I didn’t have to wait an extra nine months.  In fact, I would wind up in Raleigh nine days later.

January 11,
1994 began as any other day.  “The 1994 Florida Winter Tour” was four days away.  At 9:10 that morning the business line rang.  My father, now 14 months and 2 days into his “retirement,” answered.  The call was from a low-volume, often delinquent in their payment commercial client, complaining about a finance charge on their monthly balance.  The balance was now over 90 days past due.  The amount of the finance charge?  94 cents.

I overheard my father’s end of the call from an adjoining office, and as the conversation took place, I pulled this customer’s file and reviewed it.  My father was courteous and polite, while at the same time throwing me under a proverbial bus.  “I’m the owner,” he said at one point.  “My idiot of a son did this,” at another.  “The matter will be taken care of to your satisfaction,” at a third.  In other words, to him the 94 cent charge was going to be waived.  To me?  It meant “The 1994 Florida Winter Tour” had just been postponed.  I began gathering personal effects from my office before he was even off the phone.


This was said at volume sufficient, I’d later learn, that it could be heard throughout the 3,000 square foot, two story building that housed the business.  I walked out, the file in my hand.  “You bellowed?”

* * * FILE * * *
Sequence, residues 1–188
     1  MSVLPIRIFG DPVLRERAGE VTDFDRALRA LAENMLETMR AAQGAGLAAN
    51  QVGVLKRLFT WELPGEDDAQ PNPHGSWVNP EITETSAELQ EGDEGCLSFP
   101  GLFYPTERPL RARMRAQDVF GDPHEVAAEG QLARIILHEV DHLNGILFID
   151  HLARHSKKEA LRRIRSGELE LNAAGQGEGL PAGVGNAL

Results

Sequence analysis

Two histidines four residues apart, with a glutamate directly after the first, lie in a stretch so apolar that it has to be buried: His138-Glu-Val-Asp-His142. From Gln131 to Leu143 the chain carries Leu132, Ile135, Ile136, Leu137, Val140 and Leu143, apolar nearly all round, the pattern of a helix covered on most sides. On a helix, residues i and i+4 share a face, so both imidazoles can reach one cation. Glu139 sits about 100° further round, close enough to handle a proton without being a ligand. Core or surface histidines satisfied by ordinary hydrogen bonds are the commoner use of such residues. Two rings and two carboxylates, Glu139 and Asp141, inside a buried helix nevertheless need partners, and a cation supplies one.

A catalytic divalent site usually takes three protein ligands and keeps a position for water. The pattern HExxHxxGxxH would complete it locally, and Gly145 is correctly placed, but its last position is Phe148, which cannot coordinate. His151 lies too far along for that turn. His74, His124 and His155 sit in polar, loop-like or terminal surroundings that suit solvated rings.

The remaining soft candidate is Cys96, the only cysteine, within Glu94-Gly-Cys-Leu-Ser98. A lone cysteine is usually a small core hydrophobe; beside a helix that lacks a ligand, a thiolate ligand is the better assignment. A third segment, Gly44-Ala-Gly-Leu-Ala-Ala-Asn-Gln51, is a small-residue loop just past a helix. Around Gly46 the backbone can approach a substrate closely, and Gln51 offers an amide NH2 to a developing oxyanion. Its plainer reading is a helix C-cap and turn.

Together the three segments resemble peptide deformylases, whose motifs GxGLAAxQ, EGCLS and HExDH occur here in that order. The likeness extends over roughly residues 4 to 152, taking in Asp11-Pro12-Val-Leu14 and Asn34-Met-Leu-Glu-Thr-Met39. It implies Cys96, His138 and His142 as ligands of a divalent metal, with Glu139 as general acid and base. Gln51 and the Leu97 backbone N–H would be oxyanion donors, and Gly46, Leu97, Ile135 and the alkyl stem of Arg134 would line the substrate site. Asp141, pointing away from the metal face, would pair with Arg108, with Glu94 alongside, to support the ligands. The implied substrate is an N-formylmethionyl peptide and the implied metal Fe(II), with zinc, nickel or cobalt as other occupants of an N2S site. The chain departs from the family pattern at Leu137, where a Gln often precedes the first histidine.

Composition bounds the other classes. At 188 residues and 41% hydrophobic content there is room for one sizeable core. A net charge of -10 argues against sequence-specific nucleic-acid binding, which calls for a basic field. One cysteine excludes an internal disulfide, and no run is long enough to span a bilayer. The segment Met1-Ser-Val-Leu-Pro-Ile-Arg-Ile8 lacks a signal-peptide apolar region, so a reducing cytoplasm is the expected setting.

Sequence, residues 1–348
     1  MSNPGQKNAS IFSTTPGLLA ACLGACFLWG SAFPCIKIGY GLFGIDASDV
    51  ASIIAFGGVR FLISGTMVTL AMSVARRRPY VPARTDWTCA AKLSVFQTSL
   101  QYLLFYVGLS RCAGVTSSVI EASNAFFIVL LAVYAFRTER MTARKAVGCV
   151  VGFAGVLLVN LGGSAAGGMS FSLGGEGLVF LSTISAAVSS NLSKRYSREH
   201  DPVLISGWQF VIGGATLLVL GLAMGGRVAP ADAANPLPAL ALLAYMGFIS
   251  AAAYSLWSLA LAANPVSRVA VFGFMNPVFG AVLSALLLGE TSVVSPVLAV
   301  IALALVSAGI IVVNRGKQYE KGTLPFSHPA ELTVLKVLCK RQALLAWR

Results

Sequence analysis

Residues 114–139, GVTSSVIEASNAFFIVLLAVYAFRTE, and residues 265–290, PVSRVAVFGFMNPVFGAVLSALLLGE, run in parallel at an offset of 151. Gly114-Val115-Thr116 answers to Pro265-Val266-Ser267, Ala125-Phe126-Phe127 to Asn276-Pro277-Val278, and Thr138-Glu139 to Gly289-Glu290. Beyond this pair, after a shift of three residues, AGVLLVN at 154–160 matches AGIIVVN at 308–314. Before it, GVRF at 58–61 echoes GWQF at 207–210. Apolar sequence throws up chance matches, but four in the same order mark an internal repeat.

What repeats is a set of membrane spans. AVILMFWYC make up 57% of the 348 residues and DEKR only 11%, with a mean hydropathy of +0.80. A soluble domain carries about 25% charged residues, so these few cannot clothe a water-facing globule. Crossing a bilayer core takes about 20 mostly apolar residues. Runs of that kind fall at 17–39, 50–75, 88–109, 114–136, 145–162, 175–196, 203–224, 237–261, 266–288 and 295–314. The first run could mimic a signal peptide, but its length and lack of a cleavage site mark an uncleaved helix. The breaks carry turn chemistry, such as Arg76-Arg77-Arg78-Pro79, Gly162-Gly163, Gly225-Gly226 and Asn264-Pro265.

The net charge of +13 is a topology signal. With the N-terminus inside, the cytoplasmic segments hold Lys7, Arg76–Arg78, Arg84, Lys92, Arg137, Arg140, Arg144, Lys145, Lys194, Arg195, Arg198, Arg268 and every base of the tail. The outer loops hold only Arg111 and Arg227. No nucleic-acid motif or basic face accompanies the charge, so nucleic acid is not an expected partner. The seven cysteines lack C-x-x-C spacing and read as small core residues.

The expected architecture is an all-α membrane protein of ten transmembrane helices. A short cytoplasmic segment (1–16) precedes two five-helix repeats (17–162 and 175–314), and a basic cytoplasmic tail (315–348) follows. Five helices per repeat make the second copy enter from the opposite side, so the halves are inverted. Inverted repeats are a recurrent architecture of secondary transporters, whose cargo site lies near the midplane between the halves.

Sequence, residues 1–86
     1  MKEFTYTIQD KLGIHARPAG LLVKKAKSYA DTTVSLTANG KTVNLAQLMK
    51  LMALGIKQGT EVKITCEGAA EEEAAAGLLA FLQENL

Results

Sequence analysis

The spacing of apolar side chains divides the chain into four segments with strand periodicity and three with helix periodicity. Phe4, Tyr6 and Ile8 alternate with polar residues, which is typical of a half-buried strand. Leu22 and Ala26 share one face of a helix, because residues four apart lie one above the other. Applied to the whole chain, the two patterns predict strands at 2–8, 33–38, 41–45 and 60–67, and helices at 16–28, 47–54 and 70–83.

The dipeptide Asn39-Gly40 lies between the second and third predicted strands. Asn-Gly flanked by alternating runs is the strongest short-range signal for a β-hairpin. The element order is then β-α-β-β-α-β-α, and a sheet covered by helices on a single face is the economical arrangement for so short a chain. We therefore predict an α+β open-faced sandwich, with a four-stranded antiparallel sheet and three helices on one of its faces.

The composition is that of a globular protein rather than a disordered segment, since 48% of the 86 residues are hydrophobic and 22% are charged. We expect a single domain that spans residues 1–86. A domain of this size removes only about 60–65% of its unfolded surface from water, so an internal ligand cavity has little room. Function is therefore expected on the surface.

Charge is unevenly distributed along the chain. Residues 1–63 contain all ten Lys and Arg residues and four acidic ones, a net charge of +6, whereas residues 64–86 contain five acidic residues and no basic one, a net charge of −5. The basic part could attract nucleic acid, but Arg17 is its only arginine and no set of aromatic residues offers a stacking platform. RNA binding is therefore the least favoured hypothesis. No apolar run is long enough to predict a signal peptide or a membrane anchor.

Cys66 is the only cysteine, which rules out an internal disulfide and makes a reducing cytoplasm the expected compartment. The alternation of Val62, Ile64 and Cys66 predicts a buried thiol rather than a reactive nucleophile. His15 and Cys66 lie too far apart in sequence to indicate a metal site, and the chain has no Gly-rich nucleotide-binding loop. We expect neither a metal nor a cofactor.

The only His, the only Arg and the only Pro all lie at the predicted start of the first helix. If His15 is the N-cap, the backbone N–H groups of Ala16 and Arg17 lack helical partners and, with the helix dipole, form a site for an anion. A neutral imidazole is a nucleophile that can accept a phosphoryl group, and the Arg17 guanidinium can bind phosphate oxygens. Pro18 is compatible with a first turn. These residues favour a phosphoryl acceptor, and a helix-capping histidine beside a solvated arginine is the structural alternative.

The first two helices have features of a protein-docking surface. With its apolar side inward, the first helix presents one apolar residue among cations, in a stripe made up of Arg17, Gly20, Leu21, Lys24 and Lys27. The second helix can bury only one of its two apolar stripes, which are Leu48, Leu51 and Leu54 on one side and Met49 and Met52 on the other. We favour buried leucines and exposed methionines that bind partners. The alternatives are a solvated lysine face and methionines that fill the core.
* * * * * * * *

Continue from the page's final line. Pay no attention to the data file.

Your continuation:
“You charged (client’s name) 94 cents interest on a past due?  Are you stupid?  I’m not losing a charge client over 94 Goddamned cents, you moron.  Take it off.”

“I absolutely did,” I responded.  I reminded him that doing so had been his company’s policy since its inception, and that I’d applied it, uniformly, during the three-plus years I’d been handling his books.

“Take the 94 cents off.  They don’t have to pay it.”

At this point I’m going to go on a Quentin Tarantino-like bit of exposition.  This client was by no means a “mom and pop” operation, but it wasn’t one that did $500 a year worth of business with us.  They were always late with payments, and they always, prior to my arrival, skated.  By contrast there was a fellow named Forrest Pyle.  Forrest did run a “mom and pop” operation, but Forrest also bought $10,000-plus a year from us as part of operating his appliance repair business.  Forrest was occasionally late, but when he was 30 days late?  You knew he was going to be 60, 90, 120 days late.  Forest was a really nice, older man who, sadly, was slowly going broke.